Beta carbonic anhydrases: Novel targets for pesticides and anti-parasitic agents in agriculture and livestock husbandry
Research output: Contribution to journal › Article › Scientific › peer-review
|Journal||Parasites and Vectors|
|Publication status||Published - 29 Aug 2014|
|Publication type||A1 Journal article-refereed|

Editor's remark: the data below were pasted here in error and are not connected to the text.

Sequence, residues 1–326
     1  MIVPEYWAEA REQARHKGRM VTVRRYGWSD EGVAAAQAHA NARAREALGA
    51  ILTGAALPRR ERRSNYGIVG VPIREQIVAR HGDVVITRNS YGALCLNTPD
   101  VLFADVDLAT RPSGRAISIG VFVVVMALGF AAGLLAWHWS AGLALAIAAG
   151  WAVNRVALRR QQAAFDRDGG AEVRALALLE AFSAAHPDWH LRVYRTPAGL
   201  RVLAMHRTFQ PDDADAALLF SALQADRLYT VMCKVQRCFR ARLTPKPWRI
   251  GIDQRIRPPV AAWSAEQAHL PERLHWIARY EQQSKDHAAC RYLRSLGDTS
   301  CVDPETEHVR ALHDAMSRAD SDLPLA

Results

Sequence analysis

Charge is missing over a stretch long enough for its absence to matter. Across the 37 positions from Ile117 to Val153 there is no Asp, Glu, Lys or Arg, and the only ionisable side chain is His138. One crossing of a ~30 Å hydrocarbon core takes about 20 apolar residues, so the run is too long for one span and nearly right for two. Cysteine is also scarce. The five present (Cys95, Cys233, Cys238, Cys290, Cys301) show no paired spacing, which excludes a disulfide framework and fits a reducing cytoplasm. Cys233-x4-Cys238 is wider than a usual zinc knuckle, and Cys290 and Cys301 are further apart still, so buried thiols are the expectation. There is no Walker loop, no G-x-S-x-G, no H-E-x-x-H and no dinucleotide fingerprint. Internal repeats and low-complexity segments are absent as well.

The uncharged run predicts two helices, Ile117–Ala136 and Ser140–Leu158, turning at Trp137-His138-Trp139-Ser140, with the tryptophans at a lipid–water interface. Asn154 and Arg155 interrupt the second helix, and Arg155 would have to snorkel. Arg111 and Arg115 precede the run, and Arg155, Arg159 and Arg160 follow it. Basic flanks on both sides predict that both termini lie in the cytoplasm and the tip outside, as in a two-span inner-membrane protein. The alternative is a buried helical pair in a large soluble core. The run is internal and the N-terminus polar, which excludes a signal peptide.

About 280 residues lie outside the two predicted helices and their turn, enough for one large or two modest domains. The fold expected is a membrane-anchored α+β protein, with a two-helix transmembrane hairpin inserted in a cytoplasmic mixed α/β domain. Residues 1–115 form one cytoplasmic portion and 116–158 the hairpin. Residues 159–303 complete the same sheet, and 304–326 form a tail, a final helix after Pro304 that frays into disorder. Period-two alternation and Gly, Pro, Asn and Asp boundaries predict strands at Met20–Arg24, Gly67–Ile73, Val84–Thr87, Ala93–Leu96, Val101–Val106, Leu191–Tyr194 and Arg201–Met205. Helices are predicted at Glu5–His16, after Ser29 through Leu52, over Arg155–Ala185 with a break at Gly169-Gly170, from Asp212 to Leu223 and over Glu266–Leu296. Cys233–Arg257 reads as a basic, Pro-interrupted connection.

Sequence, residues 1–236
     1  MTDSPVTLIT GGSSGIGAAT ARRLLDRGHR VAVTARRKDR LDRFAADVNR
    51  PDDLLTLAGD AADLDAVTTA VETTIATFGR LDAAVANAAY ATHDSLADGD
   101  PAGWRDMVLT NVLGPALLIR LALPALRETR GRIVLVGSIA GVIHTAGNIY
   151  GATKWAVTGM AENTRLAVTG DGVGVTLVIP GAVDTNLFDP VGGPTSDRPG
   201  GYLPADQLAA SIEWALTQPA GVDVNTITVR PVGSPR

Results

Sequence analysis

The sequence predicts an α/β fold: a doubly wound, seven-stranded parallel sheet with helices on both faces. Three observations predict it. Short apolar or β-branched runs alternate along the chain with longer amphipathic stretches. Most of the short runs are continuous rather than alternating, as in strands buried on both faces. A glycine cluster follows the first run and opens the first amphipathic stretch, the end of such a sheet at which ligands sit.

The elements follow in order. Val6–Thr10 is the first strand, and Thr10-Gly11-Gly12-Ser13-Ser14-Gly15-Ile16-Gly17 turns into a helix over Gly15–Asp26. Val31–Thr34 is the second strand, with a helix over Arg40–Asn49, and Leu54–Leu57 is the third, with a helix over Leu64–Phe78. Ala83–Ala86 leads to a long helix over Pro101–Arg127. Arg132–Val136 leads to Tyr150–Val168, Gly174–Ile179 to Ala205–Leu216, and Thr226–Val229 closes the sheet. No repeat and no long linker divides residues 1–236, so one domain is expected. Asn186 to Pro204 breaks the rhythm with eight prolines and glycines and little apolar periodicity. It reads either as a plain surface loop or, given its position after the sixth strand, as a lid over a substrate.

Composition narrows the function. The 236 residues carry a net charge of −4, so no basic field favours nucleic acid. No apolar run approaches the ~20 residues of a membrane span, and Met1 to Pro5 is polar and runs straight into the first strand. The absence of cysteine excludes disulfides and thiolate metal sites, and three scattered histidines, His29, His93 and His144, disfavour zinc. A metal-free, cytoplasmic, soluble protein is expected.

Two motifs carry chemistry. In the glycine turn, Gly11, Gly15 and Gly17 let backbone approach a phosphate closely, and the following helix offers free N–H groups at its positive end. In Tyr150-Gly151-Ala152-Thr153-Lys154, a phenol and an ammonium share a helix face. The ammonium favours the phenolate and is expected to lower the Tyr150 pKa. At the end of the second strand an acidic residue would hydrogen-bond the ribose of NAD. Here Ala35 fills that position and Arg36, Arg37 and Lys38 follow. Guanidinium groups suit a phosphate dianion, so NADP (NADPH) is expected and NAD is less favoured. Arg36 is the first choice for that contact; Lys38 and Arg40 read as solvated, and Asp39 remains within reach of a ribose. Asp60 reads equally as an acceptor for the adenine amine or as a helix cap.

Background: The genomes of many insect and parasite species contain beta carbonic anhydrase (β-CA) protein coding sequences. The lack of β-CA proteins in mammals makes them interesting target proteins for inhibition in treatment of some infectious diseases and pests. Many insects and parasites represent important pests for agriculture and cause enormous economic damage worldwide. Meanwhile, pollution of the environment by old pesticides, emergence of strains resistant to them, and their off-target effects are major challenges for agriculture and society. Methods: In this study, we analyzed a multiple sequence alignment of 31 β-CAs from insects, some parasites, and selected plant species relevant to agriculture and livestock husbandry. Using bioinformatics tools a phylogenetic tree was generated and the subcellular localizations and antigenic sites of each protein were predicted. Structural models for β-CAs of Ancylostoma caninum, Ascaris suum, Trichinella spiralis, and Entamoeba histolytica, were built using Pisum sativum and Mycobacterium tuberculosis β-CAs as templates. Results: Six β-CAs of insects and parasites and six β-CAs of plants are predicted to be mitochondrial and chloroplastic, respectively, and thus may be involved in important metabolic functions. All 31 sequences showed the presence of the highly conserved β-CA active site sequence motifs, CXDXR and HXXC (C: cysteine, D: aspartic acid, R: arginine, H: histidine, X: any residue). We discovered that these two motifs are more antigenic than others. Homology models suggested that these motifs are mostly buried and thus not well accessible for recognition by antibodies. Conclusions: The predicted mitochondrial localization of several β-CAs and hidden antigenic epitopes within the protein molecule, suggest that they may not be considered major targets for vaccines. Instead, they are promising candidate enzymes for small-molecule inhibitors which can easily penetrate the cell membrane. Based on current knowledge, we conclude that β-CAs are potential targets for development of small molecule pesticides or anti-parasitic agents with minimal side effects on vertebrates.